A first step in the development of a new way to treat EBS blisters using substances that change the DNA of skin cells to improve quality of life for children and adults suffering from this condition.


Prof John Connelly works at Queen Mary University, London, UK on this project to study EBS blister healing in the laboratory. A panel of potential treatments will be tested on skin cells grown in dishes in the laboratory to identify those that can change the DNA structure and could be progressed to further testing. Read more about the project from our co-funders and our researcher's blog.


When I was born, Mum noticed little bubble blisters on my feet which got worse when I started to walk… New footwear always rubbed and took the skin off the heels and across the top of the toes...always so sore… at times I am in such pain as I walk around my classroom or in school or even just doing grocery shopping.

 Laverne, DEBRA member living with EBS



About our funding:

Research leader Prof John Connelly
Institution Blizard Institute, Queen Mary University of London, UK
Type of EB EBS
Patient involvement None
Funding amount £199,752 (co-funded with Action Medical Research for Children)
Project length 3 years
Start date 1 September 2023
DEBRA internal ID GR000021


Latest progress summary:

Researchers presented their project as a poster in April 2024.


About our researchers:

Prof John Connelly is a leader in skin mechanobiology and cellular mechano-sensing. His laboratory employs a range of in vitro models to dissect the mechanisms by which skin cells sense and respond to mechanical cues and the role of these signals in skin health and disease.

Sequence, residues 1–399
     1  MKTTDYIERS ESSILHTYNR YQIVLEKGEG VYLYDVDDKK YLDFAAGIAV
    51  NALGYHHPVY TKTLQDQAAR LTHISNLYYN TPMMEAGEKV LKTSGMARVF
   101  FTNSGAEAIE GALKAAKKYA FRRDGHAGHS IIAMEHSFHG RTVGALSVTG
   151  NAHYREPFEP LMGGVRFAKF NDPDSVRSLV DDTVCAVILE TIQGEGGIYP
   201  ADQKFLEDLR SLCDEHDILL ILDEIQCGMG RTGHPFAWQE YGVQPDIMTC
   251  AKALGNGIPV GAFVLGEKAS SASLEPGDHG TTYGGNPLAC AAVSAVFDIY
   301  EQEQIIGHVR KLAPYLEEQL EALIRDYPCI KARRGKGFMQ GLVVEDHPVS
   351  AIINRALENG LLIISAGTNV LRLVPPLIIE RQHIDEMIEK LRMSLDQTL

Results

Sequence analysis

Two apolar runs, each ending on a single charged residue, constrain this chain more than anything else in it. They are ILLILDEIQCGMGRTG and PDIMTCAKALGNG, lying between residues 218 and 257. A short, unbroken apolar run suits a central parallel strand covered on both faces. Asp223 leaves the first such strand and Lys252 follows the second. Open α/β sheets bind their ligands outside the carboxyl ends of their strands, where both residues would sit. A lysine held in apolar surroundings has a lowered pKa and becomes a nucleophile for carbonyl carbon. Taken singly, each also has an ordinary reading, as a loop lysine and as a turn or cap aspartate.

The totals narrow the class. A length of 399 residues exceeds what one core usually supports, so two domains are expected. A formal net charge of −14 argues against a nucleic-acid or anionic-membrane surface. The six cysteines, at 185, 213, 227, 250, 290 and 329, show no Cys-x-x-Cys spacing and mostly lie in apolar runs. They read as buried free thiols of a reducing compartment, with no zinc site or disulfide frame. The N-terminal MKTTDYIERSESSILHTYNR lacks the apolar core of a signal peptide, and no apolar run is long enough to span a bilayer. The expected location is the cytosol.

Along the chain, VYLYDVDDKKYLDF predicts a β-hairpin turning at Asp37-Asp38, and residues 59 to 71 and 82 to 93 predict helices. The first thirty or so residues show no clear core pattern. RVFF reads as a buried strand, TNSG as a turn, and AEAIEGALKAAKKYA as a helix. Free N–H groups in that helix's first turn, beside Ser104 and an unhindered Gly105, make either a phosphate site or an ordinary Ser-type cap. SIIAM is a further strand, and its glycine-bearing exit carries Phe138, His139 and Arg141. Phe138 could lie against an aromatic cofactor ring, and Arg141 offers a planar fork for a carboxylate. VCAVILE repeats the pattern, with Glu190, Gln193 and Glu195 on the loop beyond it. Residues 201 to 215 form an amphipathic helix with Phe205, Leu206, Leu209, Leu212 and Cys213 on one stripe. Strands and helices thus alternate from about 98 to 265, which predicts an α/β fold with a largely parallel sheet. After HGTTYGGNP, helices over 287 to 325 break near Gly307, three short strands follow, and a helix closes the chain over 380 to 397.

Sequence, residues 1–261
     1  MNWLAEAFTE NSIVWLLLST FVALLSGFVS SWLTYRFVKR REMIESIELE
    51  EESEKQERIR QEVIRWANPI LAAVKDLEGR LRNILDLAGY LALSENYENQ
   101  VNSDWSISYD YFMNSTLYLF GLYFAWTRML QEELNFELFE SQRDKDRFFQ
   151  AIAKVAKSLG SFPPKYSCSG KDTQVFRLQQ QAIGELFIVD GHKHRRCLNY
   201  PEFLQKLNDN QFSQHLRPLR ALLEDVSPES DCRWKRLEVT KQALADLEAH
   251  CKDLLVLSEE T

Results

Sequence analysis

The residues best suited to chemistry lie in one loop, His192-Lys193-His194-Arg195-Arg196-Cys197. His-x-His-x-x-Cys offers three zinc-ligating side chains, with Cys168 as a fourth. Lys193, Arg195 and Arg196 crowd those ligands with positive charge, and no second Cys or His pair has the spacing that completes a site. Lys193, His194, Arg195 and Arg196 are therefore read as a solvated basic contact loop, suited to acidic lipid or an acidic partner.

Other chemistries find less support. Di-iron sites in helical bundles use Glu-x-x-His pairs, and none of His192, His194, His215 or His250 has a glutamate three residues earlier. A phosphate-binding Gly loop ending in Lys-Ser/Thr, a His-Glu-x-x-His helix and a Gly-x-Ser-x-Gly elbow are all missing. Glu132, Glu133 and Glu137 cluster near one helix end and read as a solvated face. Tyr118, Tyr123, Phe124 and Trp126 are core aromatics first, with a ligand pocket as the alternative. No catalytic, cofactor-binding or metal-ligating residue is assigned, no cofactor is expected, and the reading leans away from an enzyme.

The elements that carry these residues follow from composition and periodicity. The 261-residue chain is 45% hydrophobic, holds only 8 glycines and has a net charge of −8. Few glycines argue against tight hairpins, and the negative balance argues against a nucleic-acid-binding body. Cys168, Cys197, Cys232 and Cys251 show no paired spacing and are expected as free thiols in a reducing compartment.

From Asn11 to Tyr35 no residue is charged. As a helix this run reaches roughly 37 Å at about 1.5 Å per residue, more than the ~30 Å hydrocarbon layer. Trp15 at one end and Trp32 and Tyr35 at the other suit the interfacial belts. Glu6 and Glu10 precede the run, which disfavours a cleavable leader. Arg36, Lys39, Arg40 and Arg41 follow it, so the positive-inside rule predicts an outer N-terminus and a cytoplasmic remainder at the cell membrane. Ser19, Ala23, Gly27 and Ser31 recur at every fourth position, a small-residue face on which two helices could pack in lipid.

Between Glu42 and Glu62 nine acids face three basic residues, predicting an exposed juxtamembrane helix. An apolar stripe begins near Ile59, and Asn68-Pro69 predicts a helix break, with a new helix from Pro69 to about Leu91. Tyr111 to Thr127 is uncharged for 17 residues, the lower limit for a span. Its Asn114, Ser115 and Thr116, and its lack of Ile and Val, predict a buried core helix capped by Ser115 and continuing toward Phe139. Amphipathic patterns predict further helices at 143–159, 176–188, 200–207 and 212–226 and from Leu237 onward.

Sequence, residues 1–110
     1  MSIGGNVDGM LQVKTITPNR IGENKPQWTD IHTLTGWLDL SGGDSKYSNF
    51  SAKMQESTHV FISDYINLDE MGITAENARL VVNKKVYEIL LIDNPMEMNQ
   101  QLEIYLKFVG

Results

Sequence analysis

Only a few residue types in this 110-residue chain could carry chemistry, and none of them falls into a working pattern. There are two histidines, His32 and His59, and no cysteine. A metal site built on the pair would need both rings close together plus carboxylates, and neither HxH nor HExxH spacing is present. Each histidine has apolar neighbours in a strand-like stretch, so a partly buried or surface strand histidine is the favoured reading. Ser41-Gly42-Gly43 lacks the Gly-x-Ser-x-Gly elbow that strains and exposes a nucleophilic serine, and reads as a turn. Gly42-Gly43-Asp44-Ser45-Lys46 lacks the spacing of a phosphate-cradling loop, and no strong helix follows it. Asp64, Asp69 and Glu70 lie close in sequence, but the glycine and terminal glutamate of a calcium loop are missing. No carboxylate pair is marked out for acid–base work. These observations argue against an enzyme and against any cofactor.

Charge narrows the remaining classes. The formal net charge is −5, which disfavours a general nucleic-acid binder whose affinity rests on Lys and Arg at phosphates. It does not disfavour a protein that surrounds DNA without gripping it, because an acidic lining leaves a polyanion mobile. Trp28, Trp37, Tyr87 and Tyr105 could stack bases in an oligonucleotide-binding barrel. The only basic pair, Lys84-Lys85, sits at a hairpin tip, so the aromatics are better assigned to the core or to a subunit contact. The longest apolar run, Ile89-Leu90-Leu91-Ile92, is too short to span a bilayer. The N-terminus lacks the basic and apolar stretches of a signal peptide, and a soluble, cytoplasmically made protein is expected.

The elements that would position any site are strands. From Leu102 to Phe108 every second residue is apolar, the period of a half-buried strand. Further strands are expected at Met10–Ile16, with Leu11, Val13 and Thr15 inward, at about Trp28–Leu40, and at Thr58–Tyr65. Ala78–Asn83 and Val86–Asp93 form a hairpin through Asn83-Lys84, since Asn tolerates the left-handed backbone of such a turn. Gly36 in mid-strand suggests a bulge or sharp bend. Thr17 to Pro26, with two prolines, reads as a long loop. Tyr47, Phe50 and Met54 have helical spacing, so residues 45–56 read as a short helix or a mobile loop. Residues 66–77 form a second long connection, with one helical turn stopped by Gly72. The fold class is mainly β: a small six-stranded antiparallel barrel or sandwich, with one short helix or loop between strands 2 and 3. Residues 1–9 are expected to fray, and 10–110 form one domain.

Prof David Kelsall is an expert in human genetic skin diseases. His laboratory employs genomic and cell biology methods to investigate the pathogenesis of human skin diseases.
Prof Julien Gautrot is an expert in biomaterials, and his lab develops novel materials for cell and gene delivery. In addition, he has expertise in organ-on-chip technology, and his team has engineered new systems for skin modelling and mechanical actuation.

Collaboration: Prof Adrian Heagerty, University of Birmingham.


Why this research is important:

These studies will be the first step in development of a novel approach to treating EBS and would lay the groundwork for the translation of these therapies into patient benefit.

Prof John Connelly

Researcher's abstract:

Grant title: Targeting epigenetic gene regulation in epidermolysis bullosa simplex

Epidermolysis bullosa simplex (EBS) is a rare genetic skin disease caused by keratin mutations in the epidermis, and from birth results in fragile skin that is prone to painful blistering. There is currently no cure for EBS, and new therapies for modifying disease severity have the potential to provide major benefits and improve the quality of life for children and families suffering from this disease. Recent studies by our laboratory have identified distinct changes and in the nuclei of cells with keratin mutations, leading us to hypothesise that nuclear structure and DNA organisation contribute to the symptoms and severity of EBS. Moreover, we propose that the use of existing compounds known as ‘epigenetic inhibitors’, which regulate DNA packaging within the nucleus, have the potential to correct nuclear structure in EBS keratinocytes and improve blister repair. This project therefore aims to characterise the molecular level changes in nuclear organisation caused by EBS mutations and to carry out initial testing of a select panel of epigenetic inhibitors to see if they can improve wound healing and blister resolution in the laboratory. These studies will be the first step in development of a novel approach to treating EBS and would lay the ground work for the translational of these therapies into patient benefit. The next steps following this study will be to select the most effective drugs and carry them forward to further testing and clinical trials.


Researcher's progress report:

Due 2024.


Image credit: Momma’s support your future, by Alex Pasarelu bellefoto. Licensed under the Creative Commons CC0 1.0 Universal Public Domain Dedication.